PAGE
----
Is that what gives you more freedom in starting up collaborations?
“Definitely. I’ve done a lot of those and I’m always open for new opportunities. It’s all about being open to possibilities and look for that ‘common ground’. If that’s not there, it won’t work. Our collab with Kevin ‘The Bug’ Martin is a good example. Even though he grew up hating guitars, we have a lot of similarities in our taste for music and love for dub. Even though we come from opposite worlds, there was enough of a match to do something very cool. So kudos to Kevin for having the guts to do this.”
Do you ever worry if such a collaboration will work out?
“If it doesn’t work out, you just won’t release it. No one will have to suffer through it. I’ve had those in the past, where it just didn’t work out. But now, I think I’ve done this long enough to know early on if something will work or not, if the audience would like it or not. I believe in ‘happy accidents’, just letting things happen. If it’s a lot of work and effort, the magic just isn’t there.”
For your solo album ‘Conquistador’ you worked with Emma Ruth Rundle. How did that happen?
“She’s just fucking amazing. I seriously can’t praise her enough, both as musician and as a human being. I’m so happy to see all the recognition she is getting, because she deserves every bit of it. She is one of the few people I always love seeing perform. She is signed to the same label as us, Sargent House, though I met her earlier when we did a show with Marriages and Deafheaven in LA. I borrowed her amp and we’ve sorta become friends since. When I was working on ‘Conquistador’, our schedules matched and we met in the studio of Kurt Ballou to work on some music. So that’s what happened.”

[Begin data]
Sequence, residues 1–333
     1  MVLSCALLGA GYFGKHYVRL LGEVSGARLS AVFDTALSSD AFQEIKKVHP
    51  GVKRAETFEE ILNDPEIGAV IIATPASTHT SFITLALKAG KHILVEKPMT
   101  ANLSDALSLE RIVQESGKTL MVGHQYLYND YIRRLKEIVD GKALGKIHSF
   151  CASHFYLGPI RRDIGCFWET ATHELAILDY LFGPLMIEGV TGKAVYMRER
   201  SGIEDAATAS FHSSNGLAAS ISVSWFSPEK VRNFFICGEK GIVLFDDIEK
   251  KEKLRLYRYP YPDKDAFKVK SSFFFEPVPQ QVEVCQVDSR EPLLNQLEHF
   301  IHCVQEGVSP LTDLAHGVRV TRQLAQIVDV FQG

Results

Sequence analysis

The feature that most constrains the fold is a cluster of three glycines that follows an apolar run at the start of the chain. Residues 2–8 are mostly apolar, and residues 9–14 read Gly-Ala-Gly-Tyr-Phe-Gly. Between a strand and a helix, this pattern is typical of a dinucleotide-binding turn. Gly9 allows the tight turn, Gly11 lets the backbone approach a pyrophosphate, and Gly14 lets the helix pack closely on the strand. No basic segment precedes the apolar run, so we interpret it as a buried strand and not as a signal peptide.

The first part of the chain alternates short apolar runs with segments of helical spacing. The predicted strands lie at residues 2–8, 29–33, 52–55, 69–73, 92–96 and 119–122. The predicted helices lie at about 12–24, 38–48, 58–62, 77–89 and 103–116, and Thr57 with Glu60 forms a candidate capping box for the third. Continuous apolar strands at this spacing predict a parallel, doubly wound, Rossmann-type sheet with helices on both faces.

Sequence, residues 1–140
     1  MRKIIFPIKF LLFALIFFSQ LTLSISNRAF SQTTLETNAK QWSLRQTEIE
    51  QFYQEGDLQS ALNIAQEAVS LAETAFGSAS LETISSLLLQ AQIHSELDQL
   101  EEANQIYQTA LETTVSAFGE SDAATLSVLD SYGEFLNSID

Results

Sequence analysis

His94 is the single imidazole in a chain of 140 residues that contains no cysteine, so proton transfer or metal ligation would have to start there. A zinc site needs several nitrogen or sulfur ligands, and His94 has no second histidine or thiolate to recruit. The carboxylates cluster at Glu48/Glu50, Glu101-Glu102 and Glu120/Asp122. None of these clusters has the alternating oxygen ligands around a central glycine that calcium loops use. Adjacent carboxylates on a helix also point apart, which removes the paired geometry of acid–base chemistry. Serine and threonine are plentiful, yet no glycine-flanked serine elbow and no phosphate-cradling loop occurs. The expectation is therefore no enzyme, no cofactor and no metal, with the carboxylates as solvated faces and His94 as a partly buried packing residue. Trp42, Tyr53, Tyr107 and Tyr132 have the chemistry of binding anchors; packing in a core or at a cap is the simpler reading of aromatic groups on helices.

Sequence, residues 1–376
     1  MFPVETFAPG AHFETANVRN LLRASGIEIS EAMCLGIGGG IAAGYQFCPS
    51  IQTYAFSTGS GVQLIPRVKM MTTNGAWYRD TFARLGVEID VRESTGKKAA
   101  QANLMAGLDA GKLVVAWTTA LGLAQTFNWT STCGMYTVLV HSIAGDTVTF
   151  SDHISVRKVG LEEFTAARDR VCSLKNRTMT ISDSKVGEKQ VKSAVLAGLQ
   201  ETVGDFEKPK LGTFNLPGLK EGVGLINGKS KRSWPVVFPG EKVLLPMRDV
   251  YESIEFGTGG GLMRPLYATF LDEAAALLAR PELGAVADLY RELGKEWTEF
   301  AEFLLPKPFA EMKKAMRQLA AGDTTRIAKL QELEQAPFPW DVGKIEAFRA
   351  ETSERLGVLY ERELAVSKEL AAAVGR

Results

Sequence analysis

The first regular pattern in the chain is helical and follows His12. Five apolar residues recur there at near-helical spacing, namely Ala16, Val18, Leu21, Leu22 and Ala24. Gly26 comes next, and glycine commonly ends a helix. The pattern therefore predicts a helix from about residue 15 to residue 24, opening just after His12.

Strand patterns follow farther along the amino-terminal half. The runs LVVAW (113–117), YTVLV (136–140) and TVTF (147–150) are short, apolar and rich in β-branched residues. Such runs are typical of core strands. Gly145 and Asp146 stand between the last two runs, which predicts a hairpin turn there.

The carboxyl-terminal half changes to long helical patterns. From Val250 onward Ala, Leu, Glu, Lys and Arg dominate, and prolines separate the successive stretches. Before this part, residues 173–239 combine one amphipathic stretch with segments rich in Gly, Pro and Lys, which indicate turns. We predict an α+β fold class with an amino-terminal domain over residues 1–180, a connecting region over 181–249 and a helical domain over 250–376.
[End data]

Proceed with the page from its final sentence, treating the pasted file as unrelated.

How was it for you to create a solo record, instead of an Earth record?
“With Earth there are always multiple people involved, which makes the process more complex. Solo I simply have more freedom and a white canvas, possibilities for collaborations, but it also feels more free for me. Though Earth is not a formula, you always look for progress and continuity. Not that there’s a set course, but we don’t want to repeat ourselves while there may be directions I’d like to play with a bit more. The theme of an imaginary western you could here on ‘Hex, Or Printing in the Infernal Method’, so that was a done deal for Earth. ‘Conquistador’ allowed me to further explore that theme.”
“But what was also an influence, is that we had just left Southern Lord. I knew that finding a new label was going to take time and we had just toured intensively for our previous album Primitive & Deadly. There was need for a break, and I had all this music I wanted to work on. So I took the progressions I had and made my own songs with those. So it was a time of finding our bearings and experimenting.”